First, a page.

Supermicro AOC-S25G-b2S 25GbE NIC Review

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Supermicro AOC S25G B2S SFP28 Cover
Supermicro AOC S25G B2S SFP28 Cover

The Supermicro AOC-S25G-b2S is a dual-port 25GbE Ethernet controller designed for servers. You may have seen that we recently tested the AOC-S25G-i2S. That “i” changing to a “B” in this model signifies that instead of using an Intel chipset, this NIC uses a Broadcom chipset. Specifically, Broadcom BCM57414 is used. Given today’s trends toward using 25GbE, we wanted to take a look at another option.  In our mini-review, we are going to take a look at the card and what it has to offer.

Supermicro AOC-S25G-b2S Overview

When we first view the Supermicro AOC-S25G-b2S one can see a PCIe Gen3 x8, low profile card. We have two SFP28 ports for dual-port 25GbE connectivity. This mirrors the PCIe Gen3 x8 slot’s bandwidth more closely than a quad 10GbE card or 40GbE card because one has enough PCIe bandwidth, without oversaturating the bus.

Supermicro AOC S25G B2S SFP28 Front View
Supermicro AOC S25G B2S SFP28 Front View

Something that will be immediately noticeable is how much smaller the heatsink is compared to what we have on the Intel alternative AOC. It is roughly half the length on the Broadcom card versus the Intel card.

That is because this is a 2W lower typical power consumption card versus its Intel counterpart (5.2W v. 7.2W.) It may only be two watts, but that is a lot on a percentage basis which also means a smaller heatsink. For some context as well, the Mellanox ConnectX-4 Lx dual 25GbE solution has an 8.7W typical power. Broadcom is the low power leader here.

For those wondering, that connector on the top right of the card is the NC-SI header that allows this card to also handle out-of-band network duties for a server’s IPMI / BMC.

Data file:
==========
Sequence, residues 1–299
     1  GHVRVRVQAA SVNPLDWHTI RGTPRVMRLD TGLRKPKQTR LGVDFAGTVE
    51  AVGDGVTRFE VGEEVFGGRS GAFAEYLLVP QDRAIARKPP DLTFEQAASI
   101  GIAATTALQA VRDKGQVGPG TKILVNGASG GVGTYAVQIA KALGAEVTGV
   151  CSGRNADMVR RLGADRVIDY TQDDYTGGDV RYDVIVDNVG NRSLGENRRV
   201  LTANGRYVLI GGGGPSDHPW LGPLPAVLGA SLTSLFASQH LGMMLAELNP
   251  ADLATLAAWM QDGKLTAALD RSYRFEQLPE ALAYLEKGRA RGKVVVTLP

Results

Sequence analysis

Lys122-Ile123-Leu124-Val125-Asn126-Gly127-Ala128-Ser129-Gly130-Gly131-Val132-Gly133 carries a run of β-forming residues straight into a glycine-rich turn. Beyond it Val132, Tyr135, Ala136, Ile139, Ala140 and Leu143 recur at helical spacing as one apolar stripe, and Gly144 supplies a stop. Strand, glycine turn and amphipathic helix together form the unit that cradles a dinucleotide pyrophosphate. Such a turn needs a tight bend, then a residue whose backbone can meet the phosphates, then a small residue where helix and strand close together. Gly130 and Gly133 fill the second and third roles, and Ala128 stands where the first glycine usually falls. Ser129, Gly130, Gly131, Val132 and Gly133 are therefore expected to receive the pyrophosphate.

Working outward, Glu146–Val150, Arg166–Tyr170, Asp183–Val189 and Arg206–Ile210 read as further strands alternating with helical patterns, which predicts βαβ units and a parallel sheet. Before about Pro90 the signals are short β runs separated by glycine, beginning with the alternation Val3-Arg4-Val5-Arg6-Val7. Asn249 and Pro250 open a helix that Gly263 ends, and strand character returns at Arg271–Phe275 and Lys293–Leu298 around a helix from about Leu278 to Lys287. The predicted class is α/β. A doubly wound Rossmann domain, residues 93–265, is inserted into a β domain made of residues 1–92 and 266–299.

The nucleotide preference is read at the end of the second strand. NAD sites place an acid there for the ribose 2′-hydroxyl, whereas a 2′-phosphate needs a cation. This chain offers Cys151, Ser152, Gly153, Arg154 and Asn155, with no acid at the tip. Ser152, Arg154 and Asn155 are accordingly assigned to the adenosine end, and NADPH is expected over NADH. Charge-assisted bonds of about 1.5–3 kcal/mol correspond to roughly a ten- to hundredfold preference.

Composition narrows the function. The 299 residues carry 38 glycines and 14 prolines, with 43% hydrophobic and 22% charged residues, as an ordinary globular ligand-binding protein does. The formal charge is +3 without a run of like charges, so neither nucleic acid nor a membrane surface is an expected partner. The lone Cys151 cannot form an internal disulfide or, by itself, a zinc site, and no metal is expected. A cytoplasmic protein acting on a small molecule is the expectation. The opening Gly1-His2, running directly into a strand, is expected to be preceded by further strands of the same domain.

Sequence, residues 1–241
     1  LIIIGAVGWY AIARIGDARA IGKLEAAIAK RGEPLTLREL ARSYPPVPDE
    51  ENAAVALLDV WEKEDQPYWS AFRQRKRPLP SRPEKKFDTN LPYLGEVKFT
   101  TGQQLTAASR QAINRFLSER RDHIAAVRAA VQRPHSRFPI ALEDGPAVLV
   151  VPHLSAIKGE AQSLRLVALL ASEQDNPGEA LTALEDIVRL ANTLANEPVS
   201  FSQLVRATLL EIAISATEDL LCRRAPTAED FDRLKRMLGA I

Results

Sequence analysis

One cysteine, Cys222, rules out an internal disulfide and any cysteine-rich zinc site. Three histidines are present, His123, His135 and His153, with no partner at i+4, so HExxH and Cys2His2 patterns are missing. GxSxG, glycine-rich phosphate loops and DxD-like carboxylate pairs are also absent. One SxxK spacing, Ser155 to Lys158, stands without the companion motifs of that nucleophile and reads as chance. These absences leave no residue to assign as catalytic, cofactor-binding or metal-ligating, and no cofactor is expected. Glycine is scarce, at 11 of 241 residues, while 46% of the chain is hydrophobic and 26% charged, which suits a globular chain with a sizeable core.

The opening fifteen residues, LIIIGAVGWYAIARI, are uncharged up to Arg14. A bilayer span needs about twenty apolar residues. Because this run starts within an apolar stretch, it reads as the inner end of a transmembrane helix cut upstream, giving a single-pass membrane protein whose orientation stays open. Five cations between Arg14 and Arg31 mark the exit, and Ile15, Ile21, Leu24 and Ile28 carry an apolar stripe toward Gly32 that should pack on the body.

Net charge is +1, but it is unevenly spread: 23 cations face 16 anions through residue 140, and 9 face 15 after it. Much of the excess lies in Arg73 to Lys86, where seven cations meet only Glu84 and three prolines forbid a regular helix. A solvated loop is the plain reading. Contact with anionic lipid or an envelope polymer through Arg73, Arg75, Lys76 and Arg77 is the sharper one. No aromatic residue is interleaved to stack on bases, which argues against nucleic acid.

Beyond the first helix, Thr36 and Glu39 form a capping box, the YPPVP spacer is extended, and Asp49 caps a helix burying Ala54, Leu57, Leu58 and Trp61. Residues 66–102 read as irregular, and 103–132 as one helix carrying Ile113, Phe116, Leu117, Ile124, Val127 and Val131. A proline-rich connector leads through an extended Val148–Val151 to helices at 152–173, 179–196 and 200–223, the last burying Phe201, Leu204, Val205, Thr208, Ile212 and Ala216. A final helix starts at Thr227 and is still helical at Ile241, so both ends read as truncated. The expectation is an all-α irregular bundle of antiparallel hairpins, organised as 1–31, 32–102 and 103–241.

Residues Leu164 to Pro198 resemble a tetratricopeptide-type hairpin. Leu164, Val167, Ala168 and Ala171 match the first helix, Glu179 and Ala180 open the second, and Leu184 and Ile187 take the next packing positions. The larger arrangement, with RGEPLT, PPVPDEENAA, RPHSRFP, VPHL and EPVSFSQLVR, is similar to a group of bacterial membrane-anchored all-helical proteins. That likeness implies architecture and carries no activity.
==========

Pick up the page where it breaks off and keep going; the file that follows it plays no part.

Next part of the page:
Supermicro AOC S25G B2S Layout
Supermicro AOC S25G B2S Layout

While on the Intel card we had a debugging mode connector, on the Broadcom 57414 we get a 3.3V standby power jumper that turns that feature on or off. For most of our readers, this is not a jumper that will be changed, but it is likely more useful than the debugging jumper on most NICs they deploy.

We have not yet looked at a Broadcom 57414 NIC, but we did previously review the Dell EMC 4GMN7 Broadcom 57404 25GbE NIC. This Supermicro NIC is a newer generation that adds a number of new features that we are going to get to a bit later in this piece. Something that the Broadcom 57414 offers that the Intel XXV710 and BCM 57404 did not offer is RoCE offload support. Mellanox has since its ConnectX-4 Lx generation incidentally. Still, it is a feature more common in second and third generation 25GbE adapters, like the BCM 57414 on this Supermicro AOC than first-generation models.

The rear of the card has only a handful of small surface mount components.

Supermicro AOC S25G B2S Rear
Supermicro AOC S25G B2S Rear

On the dual-port NIC, we find two SFP28 ports. These look similar to traditional SFP+ ports but offer more bandwidth with the ability to handle 25GbE on each port. Just as a QSFP+ port could split into four SFP+ ports, a QSFP28 port can split into four of these SFP28 ports.

Supermicro AOC S25G B2S SFP28 Ports
Supermicro AOC S25G B2S SFP28 Ports

One will also notice that this card utilizes passive cooling. Even with the smaller heatsinks it is not a completely passive solution insofar as the solution is designed to have airflow over the heatsink. If you wanted to, for example, use these in a low-power embedded node that Supermicro makes, that chassis will need to provide airflow to the heatsink side of the NIC.

Supermicro AOC-S25G-b2S Drivers

The Supermicro AOC-S25G-b2S utilizes the Broadcom bnxt_en driver. That means in newer distributions of Linux and other OSes it will be automatically recognized and work out of the box. Since this NetXtreme-E controller is fairly popular, most modern OSes have built-in support for this NIC. Some older OSes will not. It is always good to double-check when specifying NICs in servers.

Supermicro AOC S25G B2S Lshw
Supermicro AOC S25G B2S Lshw

Although we have discussed the card as being 25GbE, it also supports both 10GbE and even 1GbE. Getting the dual-port model and stepping down to 1GbE for WAN connectivity can make sense versus getting two single-port NICs.

Supermicro AOC S25G B2S Ethtool
Supermicro AOC S25G B2S Ethtool

We tested the 10GbE compatibility with a number of as well as six different SFP+ to 10Gbase-T adapter series converters. The six we tried worked fine but they use a lot of power relative to the card. If you have a 10GbE (SFP+ or 10Gbase-T) network today but are upgrading to 25GbE in the server’s lifetime, this can be an easy way to ensure there is an upgrade path available.